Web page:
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Mrs. Norton ever wrote. But in intensity of passion, in magnitude of design, in force of language, and in the mass of her work, Mrs. Norton was the superior, if not by natural endowment at least by constant exercise of her powers as well as by stress of circumstances. Lady Dufferin's poetry, in fact, has the excellences and the limitations of the natural poetic gifts which are the heritage of the Irish nation. The scenery of Ireland, with its mountains, hills, and valleys, its secluded lakes, streams, and rivers, its brilliant colouring, its legend-haunted ruins, its venerable monuments of past ages, seems, directly or by association, to invite poetry at every turn. Irish history, rich in stirring incidents, in the vicissitudes of victories and defeats, in the rise and fall of noble families and the fidelity of dependants, supplies in lavish abundance elements of romantic interest. Nor are the ultimate results of the national struggle unfavourable to the development of poetic genius, for the finest ballads and patriotic lyrics have seldom been songs of victory or paeans of triumph; they have rather been the wail over lost causes or the dirge of defeated heroes. In the misty moonlight of Irish mythology wander a crowd of shadowy creations of popular fancy, which at once illustrate and encourage the desire of the people to lean on some external arm, and are well fitted to be the parents at once of religious feeling and poetic imagination. Children, to whom the wiles of the Leprechaun, the pranks of the Phooka, the warnings of the Banshee, and the vision of the long-haired, long-robed Geilt are at once familiar, yet mysterious, are necessarily nurtured in an atmosphere of wonder and of awe which is more congenial to poetic fancy than more prosaic and practical surroundings. And, finally, the national character itself seems to be peculiarly susceptible and responsive to influences such as those which we have enumerated. Intensely patriotic, warmhearted, vivacious, imaginative, the Irish people have a depth of melancholy below the surface of their gaiety. If they were merely the wild, reckless, rollicking people, which they are sometimes represented to be, we might expect that the influence of their surroundings would be too ephemeral to produce any lasting effect. The shallow rapids of the sparkling, dancing brook reflect only a confused shimmer of light and colour in its changing surface; it is only in the deeper and more sluggish waters that heaven and earth are faithfully pictured. In the Irish nature there is this depth, and in it we should expect to find the poetic influences of their surroundings reproduced. Yet in the highest fields of poetry, although the materials lie close to the people on every side, and although the national character character is peculiarly susceptible to their influences, no native Irish poet has ever reached the highest rank. To Englishmen indeed one side of the literature of Ireland is necessarily a sealed book. It may be that in the vernacular poetry of the country there may be found specimens which would lead us to modify our judgment, and to which no translation has ever done full justice. The bards of Ireland were numerous, and Munster holds the pre-eminence alike in potatoes and peasant poets. Characteristic specimens have been collected of their compositions which were highly valued by Edmund Spenser. But it must be remembered that their poetry has long reached the jour des louanges, when criticism is silenced in the presence of death. Subject therefore to the unknown glories of vernacular poetry, it remains true that Ireland has produced no native poet of the highest rank. It would be an interesting speculation to examine into the causes of this inferiority, and to determine whether the national history, or the national character, has most conduced to the comparative starvation of poetic genius. As novelists, dramatists, historians, journalists, Irish writers have excelled. In the pulpit, on the platform, in Parliament, Irish orators have found full scope for their poetic fancy, and have clothed their thought in impassioned language, and adorned their eloquence with striking similes, fine images, and picturesque metaphors. In prose and in oratory they have produced poets by the score. But in verse no native poet has appeared who can be compared with the great names of English literature. The reason of this fact lies beyond the scope of our present purpose. It is immaterial, whether the hand of the stranger, or the voice of the native, is most to blame. But Nature would not be wholly denied her purpose. If man has made Ireland a land of sorrow, she has made it a land of song. In the less aspiring, less sustained, and shorter flights of verse Irish writers have remarkably excelled. It may be that the mational genius is best adapted to brief compositions attuned to a single key, and that in longer pieces facility of expression and exuberance of fancy prove fatal gifts. It is as song-writers, whether their inspiration be patriotism, love, or war, that Irish poets have put their natural gifts to the most perfect use. They command all the excellences which are essential to success. The tone of feeling is decided; the versification is free from forced inversions; and the separate pieces are short. Elastic in rhythm, animated and forcible in language, racy in tone, their songs seem to be the natural product of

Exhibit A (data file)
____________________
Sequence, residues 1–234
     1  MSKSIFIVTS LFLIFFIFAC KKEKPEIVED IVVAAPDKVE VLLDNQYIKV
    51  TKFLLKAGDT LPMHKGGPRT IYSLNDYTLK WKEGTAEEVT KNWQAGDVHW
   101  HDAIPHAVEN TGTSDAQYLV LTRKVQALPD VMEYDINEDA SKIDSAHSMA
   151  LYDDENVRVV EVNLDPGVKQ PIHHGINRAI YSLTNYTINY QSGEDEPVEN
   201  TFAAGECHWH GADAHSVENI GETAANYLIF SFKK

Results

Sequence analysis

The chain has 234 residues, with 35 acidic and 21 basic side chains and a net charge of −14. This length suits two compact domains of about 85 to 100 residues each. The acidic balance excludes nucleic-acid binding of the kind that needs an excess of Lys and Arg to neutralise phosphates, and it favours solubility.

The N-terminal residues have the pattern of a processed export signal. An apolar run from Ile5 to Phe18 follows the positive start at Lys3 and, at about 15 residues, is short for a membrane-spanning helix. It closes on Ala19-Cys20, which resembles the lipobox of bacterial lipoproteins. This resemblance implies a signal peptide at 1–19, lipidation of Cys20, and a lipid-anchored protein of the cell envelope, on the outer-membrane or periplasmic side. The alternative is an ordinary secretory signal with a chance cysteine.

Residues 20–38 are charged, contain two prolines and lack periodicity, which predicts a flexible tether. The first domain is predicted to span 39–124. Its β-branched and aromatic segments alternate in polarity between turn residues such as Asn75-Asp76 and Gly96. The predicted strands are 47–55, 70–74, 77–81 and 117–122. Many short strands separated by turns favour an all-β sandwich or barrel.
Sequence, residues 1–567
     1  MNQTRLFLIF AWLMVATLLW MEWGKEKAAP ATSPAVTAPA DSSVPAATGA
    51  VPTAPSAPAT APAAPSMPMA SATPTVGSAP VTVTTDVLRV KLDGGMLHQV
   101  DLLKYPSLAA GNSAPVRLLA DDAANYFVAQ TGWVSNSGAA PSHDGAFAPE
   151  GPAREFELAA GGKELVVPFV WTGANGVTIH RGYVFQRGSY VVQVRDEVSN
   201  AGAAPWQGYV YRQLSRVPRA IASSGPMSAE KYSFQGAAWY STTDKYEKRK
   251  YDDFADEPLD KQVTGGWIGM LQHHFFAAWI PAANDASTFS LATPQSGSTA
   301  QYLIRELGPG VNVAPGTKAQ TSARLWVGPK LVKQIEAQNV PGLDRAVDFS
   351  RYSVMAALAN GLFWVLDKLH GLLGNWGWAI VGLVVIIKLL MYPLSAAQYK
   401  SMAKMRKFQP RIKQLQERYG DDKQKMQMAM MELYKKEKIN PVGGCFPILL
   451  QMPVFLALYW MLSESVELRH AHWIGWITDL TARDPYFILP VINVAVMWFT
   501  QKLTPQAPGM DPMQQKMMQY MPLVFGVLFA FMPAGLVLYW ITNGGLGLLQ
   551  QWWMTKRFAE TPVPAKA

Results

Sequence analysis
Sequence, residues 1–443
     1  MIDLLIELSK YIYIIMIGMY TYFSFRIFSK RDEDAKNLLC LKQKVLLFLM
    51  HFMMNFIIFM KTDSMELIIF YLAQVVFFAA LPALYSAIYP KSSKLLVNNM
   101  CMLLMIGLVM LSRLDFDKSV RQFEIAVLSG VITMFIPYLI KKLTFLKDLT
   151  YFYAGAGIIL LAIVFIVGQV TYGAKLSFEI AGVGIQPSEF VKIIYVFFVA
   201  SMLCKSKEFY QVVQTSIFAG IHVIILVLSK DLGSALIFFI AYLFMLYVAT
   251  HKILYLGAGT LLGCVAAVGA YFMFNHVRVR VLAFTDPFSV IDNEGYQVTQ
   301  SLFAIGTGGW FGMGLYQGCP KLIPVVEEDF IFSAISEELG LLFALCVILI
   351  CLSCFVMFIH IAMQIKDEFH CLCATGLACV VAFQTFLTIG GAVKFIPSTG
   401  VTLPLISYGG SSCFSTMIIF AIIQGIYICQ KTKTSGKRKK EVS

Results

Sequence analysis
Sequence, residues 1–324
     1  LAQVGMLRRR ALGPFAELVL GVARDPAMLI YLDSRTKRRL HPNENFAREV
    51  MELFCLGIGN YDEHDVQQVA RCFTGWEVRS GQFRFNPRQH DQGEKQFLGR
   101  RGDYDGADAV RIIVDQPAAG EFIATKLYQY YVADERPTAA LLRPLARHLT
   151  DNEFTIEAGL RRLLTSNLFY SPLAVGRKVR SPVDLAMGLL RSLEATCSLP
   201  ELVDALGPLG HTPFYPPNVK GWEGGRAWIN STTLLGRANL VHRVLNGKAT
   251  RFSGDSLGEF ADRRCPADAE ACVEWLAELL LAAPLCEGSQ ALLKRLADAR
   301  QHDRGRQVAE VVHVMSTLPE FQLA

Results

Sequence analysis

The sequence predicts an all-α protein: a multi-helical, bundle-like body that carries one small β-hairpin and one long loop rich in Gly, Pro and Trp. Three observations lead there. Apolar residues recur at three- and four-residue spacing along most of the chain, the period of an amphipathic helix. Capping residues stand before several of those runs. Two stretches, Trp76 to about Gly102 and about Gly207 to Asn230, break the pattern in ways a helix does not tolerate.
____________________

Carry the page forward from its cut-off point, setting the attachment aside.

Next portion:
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a genuine feeling which finds in verse its freest expression. The